A typical “Window” unit comprises two components. The operable part that holds the glass is called a “sash”. The “sash” is put together using 4 wood components, Stiles, the two vertical parts that travel the height of the sash on either side and Rails, “Top” rail and “Bottom” rail, go between the stiles at the top and bottom respectively. These components are profiled on one edge (inside) and glass is held by these profiled edges. These profiled edges are commonly referred to as “sticking” detail. In most cases similarly profiled pieces are then installed on the non-profiled side (outside) to hold the glass. These pieces are called “stops”.
Commonly used profiles (sticking details)are
- Ogee – an ‘S’ shaped profile
- Ovalo – a quarter arch profile
- Square – Flat or stepped.
The sash(s) in a window are divided by glass panes. It can also have an undivided one piece of glass. The wooden pieces that divide the sash and glass portion between the Stiles and the Rails are termed as “Muttin Bars”. These bars are also profiled on both sides to match the Stiles and the Rails. The bars hold the glass.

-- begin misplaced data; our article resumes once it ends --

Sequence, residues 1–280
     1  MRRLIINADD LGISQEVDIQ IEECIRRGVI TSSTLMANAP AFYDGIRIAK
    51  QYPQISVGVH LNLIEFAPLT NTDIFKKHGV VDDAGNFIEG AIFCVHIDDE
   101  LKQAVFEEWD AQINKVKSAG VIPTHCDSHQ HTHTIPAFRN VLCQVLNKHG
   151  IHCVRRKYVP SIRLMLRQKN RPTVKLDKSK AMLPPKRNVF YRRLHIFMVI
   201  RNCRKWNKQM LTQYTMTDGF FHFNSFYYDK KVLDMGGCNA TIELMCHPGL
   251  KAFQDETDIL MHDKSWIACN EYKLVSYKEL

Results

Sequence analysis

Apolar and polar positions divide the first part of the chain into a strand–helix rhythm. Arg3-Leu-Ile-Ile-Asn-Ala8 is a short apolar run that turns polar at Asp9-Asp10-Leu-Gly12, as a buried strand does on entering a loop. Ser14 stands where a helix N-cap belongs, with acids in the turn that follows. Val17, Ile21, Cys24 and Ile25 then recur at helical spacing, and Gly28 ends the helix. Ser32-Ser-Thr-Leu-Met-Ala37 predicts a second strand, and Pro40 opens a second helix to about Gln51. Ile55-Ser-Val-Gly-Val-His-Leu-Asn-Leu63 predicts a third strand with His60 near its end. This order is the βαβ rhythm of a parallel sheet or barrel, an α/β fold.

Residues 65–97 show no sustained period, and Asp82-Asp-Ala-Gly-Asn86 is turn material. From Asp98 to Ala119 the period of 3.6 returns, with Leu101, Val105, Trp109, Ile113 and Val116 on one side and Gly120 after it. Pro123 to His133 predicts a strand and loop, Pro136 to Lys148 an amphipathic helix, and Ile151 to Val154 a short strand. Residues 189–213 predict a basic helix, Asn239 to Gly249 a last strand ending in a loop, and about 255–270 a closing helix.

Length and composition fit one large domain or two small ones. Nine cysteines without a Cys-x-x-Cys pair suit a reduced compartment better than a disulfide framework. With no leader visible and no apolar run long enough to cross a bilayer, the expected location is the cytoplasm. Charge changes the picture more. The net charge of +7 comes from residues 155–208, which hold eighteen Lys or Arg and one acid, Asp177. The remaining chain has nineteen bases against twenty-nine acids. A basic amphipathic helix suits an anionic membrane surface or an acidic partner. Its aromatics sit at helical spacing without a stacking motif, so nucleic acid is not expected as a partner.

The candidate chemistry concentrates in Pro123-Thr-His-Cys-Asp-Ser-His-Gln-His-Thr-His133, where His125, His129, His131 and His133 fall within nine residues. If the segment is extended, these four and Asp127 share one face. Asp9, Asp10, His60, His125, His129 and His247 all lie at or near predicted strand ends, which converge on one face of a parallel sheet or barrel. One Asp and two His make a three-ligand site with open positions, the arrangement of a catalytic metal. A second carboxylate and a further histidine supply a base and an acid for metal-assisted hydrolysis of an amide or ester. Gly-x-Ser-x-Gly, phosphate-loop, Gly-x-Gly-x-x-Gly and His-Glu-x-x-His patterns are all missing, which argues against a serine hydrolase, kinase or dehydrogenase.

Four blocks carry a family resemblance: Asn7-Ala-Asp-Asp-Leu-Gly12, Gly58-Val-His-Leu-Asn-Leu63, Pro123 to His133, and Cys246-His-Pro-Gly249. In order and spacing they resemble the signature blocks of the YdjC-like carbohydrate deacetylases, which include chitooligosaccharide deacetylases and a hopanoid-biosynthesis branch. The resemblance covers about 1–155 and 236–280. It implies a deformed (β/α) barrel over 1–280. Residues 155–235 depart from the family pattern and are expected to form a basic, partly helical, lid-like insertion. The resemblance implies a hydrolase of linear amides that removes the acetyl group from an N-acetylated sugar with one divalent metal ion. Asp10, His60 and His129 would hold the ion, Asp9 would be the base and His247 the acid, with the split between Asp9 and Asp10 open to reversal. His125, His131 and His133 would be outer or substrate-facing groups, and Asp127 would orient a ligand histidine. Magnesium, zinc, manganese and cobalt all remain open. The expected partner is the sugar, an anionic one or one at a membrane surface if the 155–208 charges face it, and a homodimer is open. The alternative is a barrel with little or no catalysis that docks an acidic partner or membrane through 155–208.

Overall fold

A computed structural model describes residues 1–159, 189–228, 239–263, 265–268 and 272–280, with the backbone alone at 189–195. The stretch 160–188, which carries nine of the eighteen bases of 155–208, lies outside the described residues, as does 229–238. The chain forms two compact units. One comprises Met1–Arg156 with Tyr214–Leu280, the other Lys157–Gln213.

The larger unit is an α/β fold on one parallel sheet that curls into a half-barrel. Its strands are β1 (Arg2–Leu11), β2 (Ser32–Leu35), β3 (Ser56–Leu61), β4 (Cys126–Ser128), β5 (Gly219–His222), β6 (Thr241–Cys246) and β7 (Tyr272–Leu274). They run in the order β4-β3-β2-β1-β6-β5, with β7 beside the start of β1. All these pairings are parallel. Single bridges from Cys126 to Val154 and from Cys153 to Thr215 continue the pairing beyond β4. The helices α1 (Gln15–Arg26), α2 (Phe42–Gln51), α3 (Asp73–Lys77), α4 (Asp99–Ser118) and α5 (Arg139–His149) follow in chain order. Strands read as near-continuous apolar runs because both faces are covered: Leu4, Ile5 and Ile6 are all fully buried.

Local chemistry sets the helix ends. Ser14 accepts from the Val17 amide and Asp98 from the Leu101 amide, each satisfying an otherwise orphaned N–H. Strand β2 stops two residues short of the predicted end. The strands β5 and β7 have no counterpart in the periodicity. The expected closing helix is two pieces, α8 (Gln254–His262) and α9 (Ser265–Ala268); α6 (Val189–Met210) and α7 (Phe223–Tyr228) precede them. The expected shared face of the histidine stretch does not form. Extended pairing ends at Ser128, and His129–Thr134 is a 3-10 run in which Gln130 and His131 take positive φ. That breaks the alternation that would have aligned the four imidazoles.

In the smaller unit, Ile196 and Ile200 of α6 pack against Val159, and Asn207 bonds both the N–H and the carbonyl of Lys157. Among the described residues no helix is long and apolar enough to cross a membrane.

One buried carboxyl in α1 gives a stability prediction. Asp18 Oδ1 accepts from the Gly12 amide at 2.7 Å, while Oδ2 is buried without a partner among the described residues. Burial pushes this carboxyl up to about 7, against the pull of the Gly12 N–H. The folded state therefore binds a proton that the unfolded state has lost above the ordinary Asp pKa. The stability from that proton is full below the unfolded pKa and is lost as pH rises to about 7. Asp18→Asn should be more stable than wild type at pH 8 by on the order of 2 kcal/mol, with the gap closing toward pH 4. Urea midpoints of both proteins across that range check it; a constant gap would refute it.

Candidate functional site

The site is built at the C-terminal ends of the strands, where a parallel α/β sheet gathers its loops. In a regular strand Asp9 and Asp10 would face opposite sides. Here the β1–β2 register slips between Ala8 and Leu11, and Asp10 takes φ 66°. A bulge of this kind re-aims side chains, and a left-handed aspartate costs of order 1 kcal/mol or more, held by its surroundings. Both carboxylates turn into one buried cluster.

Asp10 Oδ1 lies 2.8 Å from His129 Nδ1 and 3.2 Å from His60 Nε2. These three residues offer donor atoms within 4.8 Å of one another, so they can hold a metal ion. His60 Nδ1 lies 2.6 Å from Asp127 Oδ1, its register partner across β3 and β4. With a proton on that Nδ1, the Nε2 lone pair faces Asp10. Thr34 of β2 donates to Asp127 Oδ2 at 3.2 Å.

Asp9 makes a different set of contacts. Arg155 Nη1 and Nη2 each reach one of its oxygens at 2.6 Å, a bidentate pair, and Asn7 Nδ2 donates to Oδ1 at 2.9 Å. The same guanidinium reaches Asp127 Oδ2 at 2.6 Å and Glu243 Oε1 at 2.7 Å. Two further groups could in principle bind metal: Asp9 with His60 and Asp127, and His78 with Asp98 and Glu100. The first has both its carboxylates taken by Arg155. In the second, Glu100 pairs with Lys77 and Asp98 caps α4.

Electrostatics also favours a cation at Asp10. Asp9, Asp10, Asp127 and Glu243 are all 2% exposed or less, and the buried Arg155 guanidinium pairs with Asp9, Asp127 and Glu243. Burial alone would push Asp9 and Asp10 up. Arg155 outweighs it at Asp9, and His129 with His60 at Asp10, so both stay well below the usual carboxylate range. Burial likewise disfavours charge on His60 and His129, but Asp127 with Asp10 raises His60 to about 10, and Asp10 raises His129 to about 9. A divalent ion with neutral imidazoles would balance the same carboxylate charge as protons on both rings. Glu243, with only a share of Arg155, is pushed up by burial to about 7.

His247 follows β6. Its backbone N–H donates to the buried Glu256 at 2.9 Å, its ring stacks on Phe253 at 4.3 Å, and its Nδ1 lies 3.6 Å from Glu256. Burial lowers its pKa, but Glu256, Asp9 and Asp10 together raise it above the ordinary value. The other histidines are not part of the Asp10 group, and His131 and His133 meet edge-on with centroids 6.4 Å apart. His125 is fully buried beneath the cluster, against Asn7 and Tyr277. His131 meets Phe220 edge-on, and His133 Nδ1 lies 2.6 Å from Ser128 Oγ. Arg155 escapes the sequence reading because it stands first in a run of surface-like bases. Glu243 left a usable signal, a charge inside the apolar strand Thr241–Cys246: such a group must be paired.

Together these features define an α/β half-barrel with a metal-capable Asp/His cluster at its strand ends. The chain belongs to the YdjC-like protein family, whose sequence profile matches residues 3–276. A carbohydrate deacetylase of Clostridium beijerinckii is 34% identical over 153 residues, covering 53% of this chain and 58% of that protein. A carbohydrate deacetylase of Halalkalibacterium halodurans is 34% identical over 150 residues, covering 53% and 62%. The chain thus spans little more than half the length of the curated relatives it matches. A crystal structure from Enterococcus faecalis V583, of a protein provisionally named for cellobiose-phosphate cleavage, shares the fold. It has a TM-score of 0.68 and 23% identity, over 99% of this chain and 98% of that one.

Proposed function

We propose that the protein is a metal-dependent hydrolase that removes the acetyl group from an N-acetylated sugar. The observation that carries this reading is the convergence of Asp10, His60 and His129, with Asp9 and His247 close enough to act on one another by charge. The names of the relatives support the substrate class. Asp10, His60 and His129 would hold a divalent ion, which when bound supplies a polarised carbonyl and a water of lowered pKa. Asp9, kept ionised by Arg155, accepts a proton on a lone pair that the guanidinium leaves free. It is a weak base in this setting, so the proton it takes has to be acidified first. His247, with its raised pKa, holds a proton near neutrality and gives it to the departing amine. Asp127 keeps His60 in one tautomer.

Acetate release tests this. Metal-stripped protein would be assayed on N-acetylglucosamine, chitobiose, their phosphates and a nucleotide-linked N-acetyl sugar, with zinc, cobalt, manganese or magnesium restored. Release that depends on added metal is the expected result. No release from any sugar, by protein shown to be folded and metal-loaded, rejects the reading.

TDL – When the bars divide the inside space of the door into small sections for small panes of glass then this configuration is called True Divided Lite or TDL.
SDL – For increased efficiency of insulated glass the sash is made with one piece of glass but wooden stops with profiles are installed on either side of this glass to “simulate” the look of divided panes. This configuration is termed Simulated Divided Lite or SDL.
The second component of the window is the frame that holds the sash and slides onto the opening in the wall. Based on the type of window a window could have a single or multiple sash.